Our School Identity
(I) School Philosophy
VISIONGodly women of Excellence with a heart of Love
MISSIONTo educate every girl 1 in a Christian environment 2 in order that she may MASTER, GROW and SERVE 3 in every phase of her life 4 .
We are a school for girls. Every child we have stewardship over is uniquely created by God and is precious
to us. We recognise the need to consider the female psyche in our programmes.
Our ethos and culture is Christian. The values we live by and which we imbue in our girls are that which are
made explicit in the Bible.
The school motto resonates throughout the many generations of MGS girls and embodies the attitude and
motivation which distinguish the alumnae.
Each phase in her life brings a new dimension of understanding, learning and growth; and hence, the
approach to educating her considers all phases of her development. It is our hope that the values, attitudes
and skills instilled in her in MGS will stand her in good stead in the future phases of her life.
MOTTOTo Master 1 , To Grow 2 , To Serve 3
Mastery is defined by excellence and the attitude of excellence in all that the MGS girl does.
An MGS girl shall grow holistically, ―in stature and wisdom, and in favour with God and man. She will
develop the skills for continuous and independent learning which will carry her through her phases of
development and place her confidently in the future world and society she chooses to serve in.
- An MGS girl is not self-serving; she chooses to serve out of gratitude and love. With an outlook beyond herself, she will make a positive impact on her community, her country, the environment and the world.
- Possessing character traits bearing the fruit of the Spirit: love, joy, peace, patience, kindness, goodness, faithfulness, gentleness, self-control (Galatians 5:22,23)
- Leading God-fearing and purposeful lives with the moral courage to stand up for what is right and persevere through difficulties and uncertain circumstances.
- Doing one‘s best in everything by setting and giving high standards of work and conduct (Philippians 4:8), pushing the boundaries and endeavouring always to do better in order to reach one‘s fullest potential.
- Being a responsible steward of time, talent and resources and exemplary in the performance of tasks and duties.
- Be actively reaching out and touching lives, compassionate and respectful to all one comes into contact with, and embodying the ideals of servant leadership.
(II) School Crest
The change in the school crest was initiated by the Principal Miss Lau Meau Eng (1957-1972) as the old badge in enamel could only be made in England.
The crest was introduced in 1965, but there is no record of who designed it.
(III) School Song
With loving hearts and joyous song we sing to M.G.S.
And tell the fame of that fair name for we can do no less.
We hope that we may honour bring, and heaven ever bless
Our school, the fairest in the land, our own dear M.G.S.
Down through the years our memories will keep a loving place
For friendships made and pleasures shared, and lessons learned apace.
For those who worked and gave their best that we might learn to face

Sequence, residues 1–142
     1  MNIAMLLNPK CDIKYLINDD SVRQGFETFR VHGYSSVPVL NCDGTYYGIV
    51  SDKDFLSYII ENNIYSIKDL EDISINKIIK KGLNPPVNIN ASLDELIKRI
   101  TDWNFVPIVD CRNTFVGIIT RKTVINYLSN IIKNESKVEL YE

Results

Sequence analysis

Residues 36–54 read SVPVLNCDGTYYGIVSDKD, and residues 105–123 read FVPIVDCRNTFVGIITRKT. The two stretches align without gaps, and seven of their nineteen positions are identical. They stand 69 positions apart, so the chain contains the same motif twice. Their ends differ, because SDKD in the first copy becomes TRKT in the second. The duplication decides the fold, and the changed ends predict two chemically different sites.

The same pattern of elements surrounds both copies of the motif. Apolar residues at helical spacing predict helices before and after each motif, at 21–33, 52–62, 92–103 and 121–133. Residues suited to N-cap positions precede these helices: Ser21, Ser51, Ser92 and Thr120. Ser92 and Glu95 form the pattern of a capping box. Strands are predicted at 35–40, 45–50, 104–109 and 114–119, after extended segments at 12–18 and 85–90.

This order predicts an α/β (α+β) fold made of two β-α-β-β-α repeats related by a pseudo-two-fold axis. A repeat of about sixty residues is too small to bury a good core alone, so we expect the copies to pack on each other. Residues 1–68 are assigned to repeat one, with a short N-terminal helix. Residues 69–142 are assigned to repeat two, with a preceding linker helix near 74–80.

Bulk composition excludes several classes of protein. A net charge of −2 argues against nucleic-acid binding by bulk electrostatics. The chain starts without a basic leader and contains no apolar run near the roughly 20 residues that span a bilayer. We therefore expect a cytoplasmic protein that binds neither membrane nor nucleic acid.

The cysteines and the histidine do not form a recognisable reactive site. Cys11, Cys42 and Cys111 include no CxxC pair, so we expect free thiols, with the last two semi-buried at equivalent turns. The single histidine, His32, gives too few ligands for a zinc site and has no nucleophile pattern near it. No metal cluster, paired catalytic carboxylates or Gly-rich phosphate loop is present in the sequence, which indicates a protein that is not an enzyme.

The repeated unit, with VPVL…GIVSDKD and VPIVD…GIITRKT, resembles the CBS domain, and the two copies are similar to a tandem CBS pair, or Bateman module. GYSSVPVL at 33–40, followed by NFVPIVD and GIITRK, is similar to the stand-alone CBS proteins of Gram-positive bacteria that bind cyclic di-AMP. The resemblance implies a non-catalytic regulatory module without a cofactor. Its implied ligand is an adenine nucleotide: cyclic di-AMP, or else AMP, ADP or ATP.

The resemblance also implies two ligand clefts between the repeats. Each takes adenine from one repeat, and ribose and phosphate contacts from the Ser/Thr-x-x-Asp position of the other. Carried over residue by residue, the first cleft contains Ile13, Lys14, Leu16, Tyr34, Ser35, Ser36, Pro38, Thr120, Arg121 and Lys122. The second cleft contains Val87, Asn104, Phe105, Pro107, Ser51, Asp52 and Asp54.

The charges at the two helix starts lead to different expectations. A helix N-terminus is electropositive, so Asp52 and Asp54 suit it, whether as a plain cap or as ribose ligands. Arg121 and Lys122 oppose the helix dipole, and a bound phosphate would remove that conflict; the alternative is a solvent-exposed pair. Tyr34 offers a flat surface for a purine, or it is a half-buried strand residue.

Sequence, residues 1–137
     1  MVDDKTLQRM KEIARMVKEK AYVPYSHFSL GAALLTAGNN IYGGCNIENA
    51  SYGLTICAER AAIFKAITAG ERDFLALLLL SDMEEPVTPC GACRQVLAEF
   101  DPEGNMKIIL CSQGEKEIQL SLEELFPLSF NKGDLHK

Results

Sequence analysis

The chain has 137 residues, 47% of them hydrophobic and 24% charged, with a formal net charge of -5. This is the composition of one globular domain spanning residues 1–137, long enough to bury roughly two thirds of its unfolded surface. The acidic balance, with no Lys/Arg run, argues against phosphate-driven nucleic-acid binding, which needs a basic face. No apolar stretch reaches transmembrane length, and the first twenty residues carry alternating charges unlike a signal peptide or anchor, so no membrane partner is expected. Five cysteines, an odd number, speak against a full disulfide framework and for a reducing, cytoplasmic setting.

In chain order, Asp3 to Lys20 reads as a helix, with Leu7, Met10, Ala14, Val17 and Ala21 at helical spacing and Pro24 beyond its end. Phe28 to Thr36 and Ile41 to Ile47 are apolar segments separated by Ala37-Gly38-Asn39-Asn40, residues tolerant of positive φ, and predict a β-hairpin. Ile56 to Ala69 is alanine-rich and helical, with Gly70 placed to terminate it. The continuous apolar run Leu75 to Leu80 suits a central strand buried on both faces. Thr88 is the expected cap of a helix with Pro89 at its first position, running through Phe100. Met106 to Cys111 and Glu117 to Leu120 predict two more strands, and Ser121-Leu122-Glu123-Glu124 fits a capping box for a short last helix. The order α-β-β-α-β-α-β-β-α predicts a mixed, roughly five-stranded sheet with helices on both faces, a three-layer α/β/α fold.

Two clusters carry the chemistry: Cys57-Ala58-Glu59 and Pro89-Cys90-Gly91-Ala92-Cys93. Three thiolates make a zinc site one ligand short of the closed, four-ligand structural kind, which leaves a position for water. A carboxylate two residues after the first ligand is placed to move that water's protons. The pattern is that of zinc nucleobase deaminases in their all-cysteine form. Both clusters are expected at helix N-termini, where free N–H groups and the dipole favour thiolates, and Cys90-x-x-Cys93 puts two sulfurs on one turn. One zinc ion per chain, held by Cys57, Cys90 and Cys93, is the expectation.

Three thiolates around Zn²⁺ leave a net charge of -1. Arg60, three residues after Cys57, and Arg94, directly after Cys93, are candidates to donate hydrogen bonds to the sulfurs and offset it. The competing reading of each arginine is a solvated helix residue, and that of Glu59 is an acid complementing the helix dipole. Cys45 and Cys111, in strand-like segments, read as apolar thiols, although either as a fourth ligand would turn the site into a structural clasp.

The trials of life with faith and hope and nobly run the race.
And now we're proud to raise the shout and sing of M.G.S.
Lift high her banner, one and all, her name we now profess.
In work and play for honours won, today our hearts confess
The debt we owe, the love we hold for our dear M.G.S.
The MGS House system was first formed in 1932, with four houses named after Methodist pioneers in Singapore: Blackmore, Oldham, Shellabear and Horley. They were later renamed Blackmore , Olson , Lee and Jackson .
About The Four Houses
Blackmore House was named after Miss Sophia Blackmore, founder of MGS and principal from 1887 to 1892. Miss Blackmore was born in 1857 in New South Wales, Australia, and was the first female missionary sent to Singapore by the Methodist Women’s Foreign Missionary Society in 1887. She pioneered education for girls in Singapore, and established two schools, a church and the Nind Home boarding school for girls, which was located at Mount Sophia.
Olson House was named after Miss Mary Olson, who was the principal of both MGS and Fairfield Methodist School from 1905 to 1910. Miss Olson resumed the principalship of MGS from 1926 to 1930. In 1925, MGS moved from Short Street to Mount Sophia where the Olson Building, officially opened by Miss Olson in 1928, still resides today as a conserved heritage site.
Lee House was named after Edwin Ferdinand Lee, who was elected Missionary Bishop of the Methodist Episcopal Church and The Methodist Church in 1928. Prior to that, he was Pastor of the Wesley Church of Singapore, Straits Settlements, and the Superintendent of the Singapore District of the M.E. Church (1924–28). Beyond Singapore, Bishop Lee’s episcopal leadership spanned Malaysia and the Philippines.
Jackson House was named after Miss Catherine Jackson, who served as principal of MGS in 1920 & 1931. Miss Jackson served as a Methodist missionary on the Malay Peninsula for 36 years, and was among the Methodist missionaries who chose to stay behind in Singapore during the Japanese Occupation from 1942 to 1945. She passed away in 1944 while interned in a Japanese prison camp.